Development of a Novel Alginate-Based Pleural Sealant
Technical Report,15 Jun 2015,14 Jun 2016
University of Vermont and State Agriculture College Burlington United States
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A variety of lung diseases such as emphysema, infections, and lung cancers as well as lung injury from trauma, including battlefield trauma, and complications of respirator life support of critically ill patients in intensive care units can result in lung collapse that can be immediately life-threatening or result in chronic leaking of air or fluid out of the lung. These remain challenging medical problems for which few good options are currently available and result in significant morbidity, mortality, hospital stays, health care costs, and other complications. New options are thus desperately needed. We are developing a novel approach to provide an easy-to-apply lung sealant which can repair lung leaks. This initially involved use of a chemically modified form of alginate, a naturally occurring seaweed derivative, increasingly being explored for a variety of biomedical applications. Particular attributes include easy availability, low cost, easy use, biodegradability, and lack of significant toxicity. In the studies to date, we have done extensive materials characterization not just of modified alginates but now a number of other biologic compounds that also have potential as pleural sealants. We have further extensively evaluated promising compounds using small rodent and large pig ex vivo lung models and have performed initial in vivo evaluations of several compounds in a non-survival surgery rat lung injury model. The studies to date have thus identified several promising compounds that will be further evaluated in the non-survival surgery and also a survival surgery rat lung injury model during the 6 month extension period of the grant. These will lead to a firm platform for further investigations in large animal survival surgery models and subsequent discussions with the FDA about new IND for a clinical investigation.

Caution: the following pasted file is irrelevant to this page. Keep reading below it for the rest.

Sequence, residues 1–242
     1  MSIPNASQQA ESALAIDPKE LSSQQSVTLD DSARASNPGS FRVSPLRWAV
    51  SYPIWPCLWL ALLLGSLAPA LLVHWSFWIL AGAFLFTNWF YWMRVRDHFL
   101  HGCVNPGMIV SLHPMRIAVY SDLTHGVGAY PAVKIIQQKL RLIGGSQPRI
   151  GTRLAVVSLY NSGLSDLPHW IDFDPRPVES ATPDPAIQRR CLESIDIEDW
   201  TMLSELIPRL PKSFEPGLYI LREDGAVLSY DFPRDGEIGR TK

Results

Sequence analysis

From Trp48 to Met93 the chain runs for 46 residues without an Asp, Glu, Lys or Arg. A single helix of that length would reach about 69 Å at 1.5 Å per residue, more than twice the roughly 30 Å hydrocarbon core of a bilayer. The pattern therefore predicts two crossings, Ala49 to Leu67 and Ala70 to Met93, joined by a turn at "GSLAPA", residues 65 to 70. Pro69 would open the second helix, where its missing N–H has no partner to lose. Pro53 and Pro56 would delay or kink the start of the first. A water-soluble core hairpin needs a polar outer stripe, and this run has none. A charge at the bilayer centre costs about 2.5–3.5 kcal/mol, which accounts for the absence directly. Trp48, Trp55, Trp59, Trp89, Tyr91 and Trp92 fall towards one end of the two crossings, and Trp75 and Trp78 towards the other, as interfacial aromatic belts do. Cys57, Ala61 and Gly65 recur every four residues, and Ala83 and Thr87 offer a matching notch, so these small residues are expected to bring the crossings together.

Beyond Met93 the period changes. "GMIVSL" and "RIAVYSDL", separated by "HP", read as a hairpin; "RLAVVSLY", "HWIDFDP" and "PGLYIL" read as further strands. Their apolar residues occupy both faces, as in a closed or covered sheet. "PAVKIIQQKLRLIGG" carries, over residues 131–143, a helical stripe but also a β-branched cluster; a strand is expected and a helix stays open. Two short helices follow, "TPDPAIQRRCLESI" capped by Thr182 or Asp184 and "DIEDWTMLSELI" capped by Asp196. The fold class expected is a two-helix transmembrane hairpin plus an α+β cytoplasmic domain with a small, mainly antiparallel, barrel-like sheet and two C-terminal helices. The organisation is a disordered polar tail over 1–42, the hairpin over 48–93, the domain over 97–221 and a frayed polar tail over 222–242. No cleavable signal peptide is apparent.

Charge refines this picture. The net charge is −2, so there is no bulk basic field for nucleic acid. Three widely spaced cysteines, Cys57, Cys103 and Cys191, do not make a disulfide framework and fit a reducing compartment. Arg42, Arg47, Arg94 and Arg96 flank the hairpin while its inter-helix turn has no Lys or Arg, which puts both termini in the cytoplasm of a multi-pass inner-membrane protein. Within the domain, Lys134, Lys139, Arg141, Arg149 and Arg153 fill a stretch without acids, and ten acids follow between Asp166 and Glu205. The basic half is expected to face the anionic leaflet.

- Medicine and Medical Research